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Regulation of Spring and Autumn Hunting in the Kuma-Manych Depression, Russian Federation - 2010-2012

The recently project aiming to regulate spring and autumn hunting in the Kuma-Manych Depression near Kalmykia in south-western Russia has made very good progress in protecting this key site for the Lesser White-fronted Goose as well as other threatened species. Project milestones include an interregional meeting organized in June 2010 on the use of waterfowl between the three regional authorities (oblasts) in which the Kuma-Manych Depression lies. As a result the administration of Rostov Oblast decided to close spring hunting of waterfowl for the next five years. Spring hunting within the Kumo-Manych Depression area in the Republic of Kalmykia has been closed since 2009 and a further commitment was made at the meeting not to re-open spring hunting. An Interregional Working Group was established to continue work on these issues. A draft Action Plan for the optimization of the use of waterfowl at the Kumo-Manych stopover site has been updated by the Working Group and has been submitted to the local governments for adoption. Several workshops for hunters have also been organized concentrating on awareness-raising and identification skills and extensive monitoring was http://varley.net/online/ carried out in the area during spring and autumn migration. The results of the first year of the project were published within the AEWA Lesser White-fronted Goose International Working Group report series.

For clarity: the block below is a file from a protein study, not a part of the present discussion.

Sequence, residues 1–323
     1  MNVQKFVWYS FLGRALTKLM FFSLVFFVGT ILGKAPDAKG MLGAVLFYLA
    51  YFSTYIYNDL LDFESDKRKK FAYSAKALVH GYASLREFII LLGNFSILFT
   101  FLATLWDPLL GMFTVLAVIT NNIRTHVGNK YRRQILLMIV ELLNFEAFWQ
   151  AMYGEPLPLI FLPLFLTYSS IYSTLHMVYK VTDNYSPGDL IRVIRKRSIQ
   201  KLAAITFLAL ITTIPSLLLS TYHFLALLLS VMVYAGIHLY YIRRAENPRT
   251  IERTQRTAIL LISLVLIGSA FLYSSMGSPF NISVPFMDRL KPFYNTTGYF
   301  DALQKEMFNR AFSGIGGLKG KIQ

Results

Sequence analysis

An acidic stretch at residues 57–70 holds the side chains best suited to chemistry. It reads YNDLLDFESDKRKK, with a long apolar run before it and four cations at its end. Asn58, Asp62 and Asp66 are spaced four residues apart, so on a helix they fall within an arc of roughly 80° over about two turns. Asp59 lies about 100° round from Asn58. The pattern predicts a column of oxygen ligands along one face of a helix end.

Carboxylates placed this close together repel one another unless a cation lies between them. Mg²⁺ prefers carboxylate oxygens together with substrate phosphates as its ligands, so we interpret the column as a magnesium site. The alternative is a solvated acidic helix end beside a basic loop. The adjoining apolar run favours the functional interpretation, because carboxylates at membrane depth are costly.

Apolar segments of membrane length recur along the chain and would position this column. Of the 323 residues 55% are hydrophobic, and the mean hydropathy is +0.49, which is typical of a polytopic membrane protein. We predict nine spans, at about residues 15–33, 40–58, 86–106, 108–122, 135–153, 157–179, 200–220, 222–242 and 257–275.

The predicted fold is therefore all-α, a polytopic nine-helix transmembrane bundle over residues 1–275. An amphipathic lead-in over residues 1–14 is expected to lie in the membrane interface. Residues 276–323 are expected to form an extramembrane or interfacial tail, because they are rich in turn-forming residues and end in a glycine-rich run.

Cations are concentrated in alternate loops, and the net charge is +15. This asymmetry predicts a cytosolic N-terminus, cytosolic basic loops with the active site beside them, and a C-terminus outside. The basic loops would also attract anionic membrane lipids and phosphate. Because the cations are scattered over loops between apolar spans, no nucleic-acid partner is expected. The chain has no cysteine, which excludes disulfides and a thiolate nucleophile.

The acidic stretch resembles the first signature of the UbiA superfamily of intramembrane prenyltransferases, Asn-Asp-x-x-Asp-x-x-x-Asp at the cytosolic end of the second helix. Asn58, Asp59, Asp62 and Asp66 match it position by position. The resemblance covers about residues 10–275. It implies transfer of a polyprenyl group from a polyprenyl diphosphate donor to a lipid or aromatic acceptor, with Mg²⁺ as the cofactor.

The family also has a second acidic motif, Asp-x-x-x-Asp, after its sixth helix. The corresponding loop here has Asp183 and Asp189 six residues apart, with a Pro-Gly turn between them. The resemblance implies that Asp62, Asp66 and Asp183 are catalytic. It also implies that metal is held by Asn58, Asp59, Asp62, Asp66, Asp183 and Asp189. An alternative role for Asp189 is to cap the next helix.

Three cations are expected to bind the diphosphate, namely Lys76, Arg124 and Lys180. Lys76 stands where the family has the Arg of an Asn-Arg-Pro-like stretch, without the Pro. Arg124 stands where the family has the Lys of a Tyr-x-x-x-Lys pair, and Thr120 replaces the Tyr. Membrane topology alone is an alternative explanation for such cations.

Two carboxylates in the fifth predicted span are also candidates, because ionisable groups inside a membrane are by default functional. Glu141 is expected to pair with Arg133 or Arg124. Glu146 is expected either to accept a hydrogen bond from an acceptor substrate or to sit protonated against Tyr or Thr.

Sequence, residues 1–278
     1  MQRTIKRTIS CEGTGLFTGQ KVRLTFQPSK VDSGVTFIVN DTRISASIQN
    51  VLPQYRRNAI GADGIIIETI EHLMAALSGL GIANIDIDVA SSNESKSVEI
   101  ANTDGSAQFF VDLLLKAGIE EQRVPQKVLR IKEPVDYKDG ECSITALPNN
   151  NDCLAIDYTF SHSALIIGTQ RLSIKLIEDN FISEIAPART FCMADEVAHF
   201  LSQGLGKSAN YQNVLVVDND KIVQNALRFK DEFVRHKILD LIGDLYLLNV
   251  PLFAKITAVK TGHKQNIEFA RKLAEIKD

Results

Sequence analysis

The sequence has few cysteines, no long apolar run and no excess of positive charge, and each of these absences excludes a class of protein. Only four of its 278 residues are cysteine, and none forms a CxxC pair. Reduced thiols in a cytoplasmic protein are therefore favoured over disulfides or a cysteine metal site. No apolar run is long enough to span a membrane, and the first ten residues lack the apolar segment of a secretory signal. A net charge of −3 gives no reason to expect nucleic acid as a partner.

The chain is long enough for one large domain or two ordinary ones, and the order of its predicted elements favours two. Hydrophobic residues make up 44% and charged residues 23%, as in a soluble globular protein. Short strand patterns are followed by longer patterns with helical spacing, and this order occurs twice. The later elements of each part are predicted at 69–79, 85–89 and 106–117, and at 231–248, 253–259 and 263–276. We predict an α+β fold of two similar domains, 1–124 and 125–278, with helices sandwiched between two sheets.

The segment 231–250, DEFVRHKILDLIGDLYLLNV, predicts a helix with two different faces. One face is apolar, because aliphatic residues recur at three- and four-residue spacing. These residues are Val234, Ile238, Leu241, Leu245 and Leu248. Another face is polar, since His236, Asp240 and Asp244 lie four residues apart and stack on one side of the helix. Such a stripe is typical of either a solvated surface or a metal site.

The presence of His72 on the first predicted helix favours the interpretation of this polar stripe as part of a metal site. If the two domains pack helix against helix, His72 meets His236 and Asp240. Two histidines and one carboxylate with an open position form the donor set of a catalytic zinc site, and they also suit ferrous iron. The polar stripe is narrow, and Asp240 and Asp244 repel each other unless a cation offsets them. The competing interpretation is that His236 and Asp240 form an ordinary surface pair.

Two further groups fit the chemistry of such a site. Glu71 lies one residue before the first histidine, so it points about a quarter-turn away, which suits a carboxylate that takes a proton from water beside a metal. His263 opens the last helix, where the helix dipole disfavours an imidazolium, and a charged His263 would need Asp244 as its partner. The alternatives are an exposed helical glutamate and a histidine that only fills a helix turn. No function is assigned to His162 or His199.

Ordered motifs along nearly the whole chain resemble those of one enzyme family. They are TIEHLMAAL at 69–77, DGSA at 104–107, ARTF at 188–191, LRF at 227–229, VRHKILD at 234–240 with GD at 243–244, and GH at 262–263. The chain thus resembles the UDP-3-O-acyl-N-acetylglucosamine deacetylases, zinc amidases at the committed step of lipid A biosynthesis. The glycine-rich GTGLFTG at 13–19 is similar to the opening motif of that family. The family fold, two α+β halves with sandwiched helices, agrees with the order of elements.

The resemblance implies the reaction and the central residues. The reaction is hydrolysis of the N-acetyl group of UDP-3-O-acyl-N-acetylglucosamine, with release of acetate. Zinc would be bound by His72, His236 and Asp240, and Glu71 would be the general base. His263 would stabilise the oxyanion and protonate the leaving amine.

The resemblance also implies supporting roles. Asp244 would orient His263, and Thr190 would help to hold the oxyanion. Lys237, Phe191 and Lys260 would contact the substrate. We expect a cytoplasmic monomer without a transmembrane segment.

In its second year the project has focsed on further strengthen the established interregional cooperation as well as the cooperation with the local hunting organizations. This has  ensure that the Action Plan for the area is duly adopted and that the established hunting bans remain in place and are enforced. In addition, the project would in its second year also establish a network of feeding plots for the LWfG and Red-breasted Geese within the protected area at the Manych Nature Reserve through measures such as haying. Such activities have been successful elsewhere and would hopefully lead the geese to spend more time within the protected area.  The project would also cover spring and autumn monitoring. The project has been planned and coordinated by Ms. Sonia Rozenfeld from the Goose and Swans Study Group of Eastern Eurasia (RGG).